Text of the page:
Strategies for Health Promotion After Violence Exposure

Authored by: Leilani Marie Ayala , Michael Hazelton , Vicki P. Hines-Martin

Routledge Handbook of Global Mental Health Nursing

Print publication date:  September  2016
Online publication date:  September  2016

Print ISBN: 9781138017610
eBook ISBN: 9781315780344
Adobe ISBN: 9781317702221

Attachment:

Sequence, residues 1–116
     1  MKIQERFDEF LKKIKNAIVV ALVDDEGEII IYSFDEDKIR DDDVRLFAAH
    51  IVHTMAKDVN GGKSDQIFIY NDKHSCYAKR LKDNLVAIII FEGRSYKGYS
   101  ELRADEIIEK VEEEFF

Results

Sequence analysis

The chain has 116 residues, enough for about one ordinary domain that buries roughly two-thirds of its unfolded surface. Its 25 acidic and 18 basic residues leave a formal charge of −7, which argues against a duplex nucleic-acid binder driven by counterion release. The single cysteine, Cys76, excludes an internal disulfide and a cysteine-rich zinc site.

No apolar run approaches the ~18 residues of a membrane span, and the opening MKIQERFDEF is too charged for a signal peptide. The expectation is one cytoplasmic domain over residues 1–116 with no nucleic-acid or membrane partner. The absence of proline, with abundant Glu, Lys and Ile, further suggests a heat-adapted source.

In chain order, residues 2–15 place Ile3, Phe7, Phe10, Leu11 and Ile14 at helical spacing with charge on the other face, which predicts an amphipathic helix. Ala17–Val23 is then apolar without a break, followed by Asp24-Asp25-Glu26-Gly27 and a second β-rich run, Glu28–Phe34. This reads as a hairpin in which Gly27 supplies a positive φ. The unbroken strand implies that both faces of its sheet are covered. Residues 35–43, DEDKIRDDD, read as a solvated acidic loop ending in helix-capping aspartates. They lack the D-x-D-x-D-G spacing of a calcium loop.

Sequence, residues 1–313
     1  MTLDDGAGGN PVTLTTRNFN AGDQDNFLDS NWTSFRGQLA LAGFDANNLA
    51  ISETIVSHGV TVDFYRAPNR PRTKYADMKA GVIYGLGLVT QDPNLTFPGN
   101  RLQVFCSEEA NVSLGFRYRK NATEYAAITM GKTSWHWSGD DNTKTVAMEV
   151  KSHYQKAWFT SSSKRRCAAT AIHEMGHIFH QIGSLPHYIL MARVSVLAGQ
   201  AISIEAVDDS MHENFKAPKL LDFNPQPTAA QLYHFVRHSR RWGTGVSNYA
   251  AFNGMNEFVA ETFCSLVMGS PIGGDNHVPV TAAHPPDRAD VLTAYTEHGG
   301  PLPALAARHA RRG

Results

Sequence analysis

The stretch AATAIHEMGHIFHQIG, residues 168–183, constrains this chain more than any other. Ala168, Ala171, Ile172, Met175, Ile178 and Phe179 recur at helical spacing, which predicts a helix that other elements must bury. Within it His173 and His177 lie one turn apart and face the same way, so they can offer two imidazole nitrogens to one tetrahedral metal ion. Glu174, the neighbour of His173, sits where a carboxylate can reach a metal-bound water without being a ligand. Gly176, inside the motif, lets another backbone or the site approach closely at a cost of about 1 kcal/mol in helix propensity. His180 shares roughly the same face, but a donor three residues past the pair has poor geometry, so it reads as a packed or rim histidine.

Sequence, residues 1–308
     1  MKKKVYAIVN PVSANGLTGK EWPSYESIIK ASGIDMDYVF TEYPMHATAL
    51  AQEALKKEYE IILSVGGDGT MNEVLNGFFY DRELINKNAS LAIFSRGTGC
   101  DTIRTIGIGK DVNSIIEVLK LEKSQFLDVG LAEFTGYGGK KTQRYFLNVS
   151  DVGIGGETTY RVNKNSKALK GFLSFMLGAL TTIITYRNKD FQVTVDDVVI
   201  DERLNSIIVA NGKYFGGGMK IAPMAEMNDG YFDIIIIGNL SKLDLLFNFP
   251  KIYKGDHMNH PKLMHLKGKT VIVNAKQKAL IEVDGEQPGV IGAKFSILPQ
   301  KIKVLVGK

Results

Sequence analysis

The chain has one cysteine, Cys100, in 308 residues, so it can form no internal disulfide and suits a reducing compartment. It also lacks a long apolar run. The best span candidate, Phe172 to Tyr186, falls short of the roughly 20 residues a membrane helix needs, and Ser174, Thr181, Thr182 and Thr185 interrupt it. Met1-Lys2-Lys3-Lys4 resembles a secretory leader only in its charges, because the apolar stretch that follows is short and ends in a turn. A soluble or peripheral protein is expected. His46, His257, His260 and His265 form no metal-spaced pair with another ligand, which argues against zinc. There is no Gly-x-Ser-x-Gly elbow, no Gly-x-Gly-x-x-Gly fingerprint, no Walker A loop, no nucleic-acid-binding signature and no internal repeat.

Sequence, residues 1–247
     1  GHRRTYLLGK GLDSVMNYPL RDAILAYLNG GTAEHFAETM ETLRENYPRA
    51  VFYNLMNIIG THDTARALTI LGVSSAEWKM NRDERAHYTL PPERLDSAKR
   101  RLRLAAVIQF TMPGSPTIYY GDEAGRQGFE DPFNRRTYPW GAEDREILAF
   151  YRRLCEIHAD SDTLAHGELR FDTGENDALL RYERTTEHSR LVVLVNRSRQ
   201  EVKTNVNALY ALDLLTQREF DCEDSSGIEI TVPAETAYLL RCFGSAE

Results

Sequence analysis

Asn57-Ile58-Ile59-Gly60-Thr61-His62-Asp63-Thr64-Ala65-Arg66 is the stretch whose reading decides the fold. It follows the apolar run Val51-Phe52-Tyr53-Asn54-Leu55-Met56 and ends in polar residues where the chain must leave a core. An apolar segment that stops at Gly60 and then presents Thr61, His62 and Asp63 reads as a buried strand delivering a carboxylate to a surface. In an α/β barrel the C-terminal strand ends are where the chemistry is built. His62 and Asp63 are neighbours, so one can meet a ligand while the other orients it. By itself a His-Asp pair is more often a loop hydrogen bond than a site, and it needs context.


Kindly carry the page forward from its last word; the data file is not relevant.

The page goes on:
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Pinker (2011) has argued that we are living through one of the most peaceful times in the history of humankind. While this may be the case in historical comparative terms, the recent shooting down of Malaysian Airlines Flight 17 (MH17) serves as a tragic reminder of the globalization of risk (Beck, 1992) and we might add violence. For many of us, the violence associated with war, terrorism, civil disturbance or crime is something we watch on television or read about online – from our location in McLuhan’s (1964) ‘global village’; we might be aware of and concerned about distant wars and local crime rates, but these are often vague and remote apprehensions. Nonetheless, as 9/11, the downing of MH17 and the attack on Atatürk Airport indicate, the potential for exposure to violence now extends well beyond concerns over crime in our local community. For some, exposure to violence will be as primary victims – those directly affected by violence. For others, exposure will be as secondary victims – the family, friends and work colleagues of the primary victim. The notion of secondary victimhood may also be extended to include those who attend the crime scene, support the victims or investigate the crime.

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